This is a coastal road, giving views across golden fields to the blue sea and the Bass Rock. On the return trip the view is even better because you can see Berwick Law, a hill that dominates the landscape for miles. The surrounding area is mainly flat so Berwick Law looks mountainous and gives the impression that it towers over the town.
On reaching the castle car park you have to leave your bicycle here and then purchase a ticket from the kiosk to enter the castle. The approach to the castle involves a walk across this bridge.
The castle has a stunning profile with towers, the sea behind it and the Bass Rock to the left.
There is another wooden bridge to cross to get inside the castle:
The bridge crosses a wide, deep ditch that was an inegral part of the defences. This view shows the ditch and the mighty towers that have stood here since the 1350s:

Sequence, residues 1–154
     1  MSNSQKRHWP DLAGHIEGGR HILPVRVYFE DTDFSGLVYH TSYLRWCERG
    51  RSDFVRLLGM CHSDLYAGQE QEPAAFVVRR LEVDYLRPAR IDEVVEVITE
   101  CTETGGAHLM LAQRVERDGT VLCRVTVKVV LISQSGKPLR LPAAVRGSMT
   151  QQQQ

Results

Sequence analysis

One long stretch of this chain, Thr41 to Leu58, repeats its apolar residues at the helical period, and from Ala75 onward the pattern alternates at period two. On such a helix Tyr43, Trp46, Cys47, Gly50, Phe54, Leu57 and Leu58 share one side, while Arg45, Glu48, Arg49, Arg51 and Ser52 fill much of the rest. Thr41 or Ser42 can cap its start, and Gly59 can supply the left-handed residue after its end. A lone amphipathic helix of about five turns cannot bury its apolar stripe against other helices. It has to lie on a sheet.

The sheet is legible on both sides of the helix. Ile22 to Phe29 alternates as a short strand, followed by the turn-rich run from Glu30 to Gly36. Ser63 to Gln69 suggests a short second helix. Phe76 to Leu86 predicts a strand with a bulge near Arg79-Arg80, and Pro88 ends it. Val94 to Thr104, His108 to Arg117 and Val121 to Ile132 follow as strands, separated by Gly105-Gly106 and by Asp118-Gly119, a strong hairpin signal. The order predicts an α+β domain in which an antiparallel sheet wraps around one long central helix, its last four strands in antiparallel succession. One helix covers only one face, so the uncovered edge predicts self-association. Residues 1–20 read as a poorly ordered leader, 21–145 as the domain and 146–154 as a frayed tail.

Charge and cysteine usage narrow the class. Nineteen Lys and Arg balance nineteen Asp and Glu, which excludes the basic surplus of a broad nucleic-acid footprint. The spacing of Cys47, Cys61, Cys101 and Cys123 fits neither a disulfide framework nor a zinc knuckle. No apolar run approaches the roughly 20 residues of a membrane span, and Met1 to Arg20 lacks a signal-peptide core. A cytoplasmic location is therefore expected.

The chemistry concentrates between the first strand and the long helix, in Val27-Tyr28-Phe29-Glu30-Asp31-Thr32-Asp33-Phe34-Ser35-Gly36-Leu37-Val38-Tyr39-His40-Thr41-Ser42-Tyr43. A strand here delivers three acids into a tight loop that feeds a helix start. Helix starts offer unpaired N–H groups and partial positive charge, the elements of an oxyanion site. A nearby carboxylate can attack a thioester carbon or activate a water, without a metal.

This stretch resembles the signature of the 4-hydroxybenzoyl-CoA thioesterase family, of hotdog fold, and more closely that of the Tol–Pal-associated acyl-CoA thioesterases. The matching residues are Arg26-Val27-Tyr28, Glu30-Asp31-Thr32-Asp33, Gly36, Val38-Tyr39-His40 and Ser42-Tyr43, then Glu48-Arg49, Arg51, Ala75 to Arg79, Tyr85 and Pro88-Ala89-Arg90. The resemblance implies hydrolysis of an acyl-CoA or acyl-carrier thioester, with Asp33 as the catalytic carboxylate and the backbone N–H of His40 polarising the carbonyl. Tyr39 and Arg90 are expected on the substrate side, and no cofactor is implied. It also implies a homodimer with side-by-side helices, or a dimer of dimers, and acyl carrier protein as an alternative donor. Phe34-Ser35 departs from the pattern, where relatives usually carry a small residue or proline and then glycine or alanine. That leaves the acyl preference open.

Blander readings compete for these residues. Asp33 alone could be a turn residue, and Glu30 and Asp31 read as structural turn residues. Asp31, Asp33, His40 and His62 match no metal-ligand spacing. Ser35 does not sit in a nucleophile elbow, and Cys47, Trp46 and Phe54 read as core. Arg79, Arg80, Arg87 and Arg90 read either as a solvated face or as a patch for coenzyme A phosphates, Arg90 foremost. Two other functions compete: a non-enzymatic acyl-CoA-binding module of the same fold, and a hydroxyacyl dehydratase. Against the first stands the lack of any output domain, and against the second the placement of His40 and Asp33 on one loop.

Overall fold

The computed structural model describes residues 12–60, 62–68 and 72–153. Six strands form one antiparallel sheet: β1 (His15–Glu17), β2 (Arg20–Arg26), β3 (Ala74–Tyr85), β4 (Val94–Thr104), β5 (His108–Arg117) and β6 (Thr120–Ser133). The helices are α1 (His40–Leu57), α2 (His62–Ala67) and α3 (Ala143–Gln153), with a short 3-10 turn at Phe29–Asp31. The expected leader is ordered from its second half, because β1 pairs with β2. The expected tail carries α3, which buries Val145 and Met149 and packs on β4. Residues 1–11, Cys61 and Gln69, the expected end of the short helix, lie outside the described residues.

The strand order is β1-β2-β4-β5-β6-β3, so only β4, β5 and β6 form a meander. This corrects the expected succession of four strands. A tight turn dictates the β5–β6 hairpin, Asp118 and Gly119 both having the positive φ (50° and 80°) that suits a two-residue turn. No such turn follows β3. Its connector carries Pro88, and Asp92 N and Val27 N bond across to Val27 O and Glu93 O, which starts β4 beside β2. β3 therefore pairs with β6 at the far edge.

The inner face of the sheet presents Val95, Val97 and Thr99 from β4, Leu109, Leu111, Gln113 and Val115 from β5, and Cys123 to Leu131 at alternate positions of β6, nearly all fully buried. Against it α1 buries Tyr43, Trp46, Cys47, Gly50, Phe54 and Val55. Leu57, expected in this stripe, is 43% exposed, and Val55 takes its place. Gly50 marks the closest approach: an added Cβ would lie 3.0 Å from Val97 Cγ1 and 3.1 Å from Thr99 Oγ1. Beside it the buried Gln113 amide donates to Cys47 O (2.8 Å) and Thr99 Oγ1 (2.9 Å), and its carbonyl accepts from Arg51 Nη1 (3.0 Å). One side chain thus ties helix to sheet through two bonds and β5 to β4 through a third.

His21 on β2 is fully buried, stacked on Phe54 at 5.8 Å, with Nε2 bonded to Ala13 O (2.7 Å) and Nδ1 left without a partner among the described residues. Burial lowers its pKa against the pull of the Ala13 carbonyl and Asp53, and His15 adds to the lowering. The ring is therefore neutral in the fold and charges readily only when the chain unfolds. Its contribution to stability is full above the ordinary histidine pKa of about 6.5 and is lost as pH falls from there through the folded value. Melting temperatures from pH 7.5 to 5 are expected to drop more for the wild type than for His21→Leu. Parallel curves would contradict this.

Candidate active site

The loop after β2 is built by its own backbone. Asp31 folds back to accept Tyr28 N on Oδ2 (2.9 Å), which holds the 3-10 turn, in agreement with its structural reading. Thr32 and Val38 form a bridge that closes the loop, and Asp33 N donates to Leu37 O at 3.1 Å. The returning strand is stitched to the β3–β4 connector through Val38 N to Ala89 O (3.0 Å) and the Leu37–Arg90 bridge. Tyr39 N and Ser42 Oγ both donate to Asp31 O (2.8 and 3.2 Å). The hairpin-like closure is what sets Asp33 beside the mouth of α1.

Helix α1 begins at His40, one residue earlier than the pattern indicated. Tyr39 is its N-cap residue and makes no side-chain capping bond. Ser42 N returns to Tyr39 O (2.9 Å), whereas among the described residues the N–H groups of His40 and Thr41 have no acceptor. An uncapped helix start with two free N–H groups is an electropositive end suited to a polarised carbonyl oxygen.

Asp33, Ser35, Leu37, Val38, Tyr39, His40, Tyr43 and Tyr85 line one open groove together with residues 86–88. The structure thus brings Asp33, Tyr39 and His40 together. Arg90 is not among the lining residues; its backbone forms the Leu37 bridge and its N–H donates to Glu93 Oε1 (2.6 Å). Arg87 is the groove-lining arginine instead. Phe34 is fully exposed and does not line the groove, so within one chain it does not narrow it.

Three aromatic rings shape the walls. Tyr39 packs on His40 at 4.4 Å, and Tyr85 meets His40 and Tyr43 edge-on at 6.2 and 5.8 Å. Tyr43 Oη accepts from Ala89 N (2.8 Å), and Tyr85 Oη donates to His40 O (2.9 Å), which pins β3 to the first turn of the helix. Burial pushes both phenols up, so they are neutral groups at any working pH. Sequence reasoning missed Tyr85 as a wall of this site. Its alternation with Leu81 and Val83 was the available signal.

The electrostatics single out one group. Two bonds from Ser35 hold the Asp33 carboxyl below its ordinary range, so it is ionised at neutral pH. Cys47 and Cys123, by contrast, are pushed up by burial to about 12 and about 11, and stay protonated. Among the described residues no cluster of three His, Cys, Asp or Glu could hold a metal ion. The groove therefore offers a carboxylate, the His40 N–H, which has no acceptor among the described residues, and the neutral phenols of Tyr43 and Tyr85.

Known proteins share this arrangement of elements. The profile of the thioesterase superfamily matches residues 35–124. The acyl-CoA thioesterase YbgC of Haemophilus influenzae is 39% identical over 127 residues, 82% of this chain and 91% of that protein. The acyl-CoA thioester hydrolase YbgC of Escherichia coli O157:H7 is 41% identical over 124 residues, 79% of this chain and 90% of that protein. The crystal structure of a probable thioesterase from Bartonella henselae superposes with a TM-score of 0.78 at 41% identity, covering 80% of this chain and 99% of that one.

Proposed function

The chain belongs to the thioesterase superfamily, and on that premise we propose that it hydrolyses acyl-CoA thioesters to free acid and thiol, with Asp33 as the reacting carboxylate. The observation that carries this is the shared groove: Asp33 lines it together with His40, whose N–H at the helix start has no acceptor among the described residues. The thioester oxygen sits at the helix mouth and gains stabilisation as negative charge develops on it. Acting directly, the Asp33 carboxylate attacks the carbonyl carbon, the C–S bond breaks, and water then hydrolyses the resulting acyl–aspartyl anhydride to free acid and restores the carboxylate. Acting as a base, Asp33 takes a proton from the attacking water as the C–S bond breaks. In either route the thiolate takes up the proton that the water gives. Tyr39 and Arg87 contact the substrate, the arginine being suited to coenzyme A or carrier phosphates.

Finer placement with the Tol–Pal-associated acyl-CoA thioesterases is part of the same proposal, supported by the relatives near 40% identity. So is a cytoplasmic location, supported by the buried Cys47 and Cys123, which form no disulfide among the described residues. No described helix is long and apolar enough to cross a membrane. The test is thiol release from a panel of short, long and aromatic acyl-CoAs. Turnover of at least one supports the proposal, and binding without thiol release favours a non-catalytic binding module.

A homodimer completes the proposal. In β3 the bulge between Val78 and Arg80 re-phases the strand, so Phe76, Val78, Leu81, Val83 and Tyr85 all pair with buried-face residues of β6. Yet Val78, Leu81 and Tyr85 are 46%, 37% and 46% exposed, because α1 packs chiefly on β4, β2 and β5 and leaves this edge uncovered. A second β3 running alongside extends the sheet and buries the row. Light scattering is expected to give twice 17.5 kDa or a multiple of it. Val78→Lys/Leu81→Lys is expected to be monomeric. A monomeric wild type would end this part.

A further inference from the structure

Once you are through the door and inside you will find this an exciting place to explore. There are plenty of spiral stairs, with rope handrails to grab onto, narrow passages and hideouts.
On leaving the castle I commented on the stairs and passages to the steward and he said, "yes, it's a good fitness regime." If you are disappointed by the short cycle on this route, then fear not! The castle itself is going to give you plenty of exercise.
I peered down a 32 meter deep well and discovered the shaft to be thriving with jungle-like foliage. It was like a lost world down there. The plant in the well is hart's tongue fern.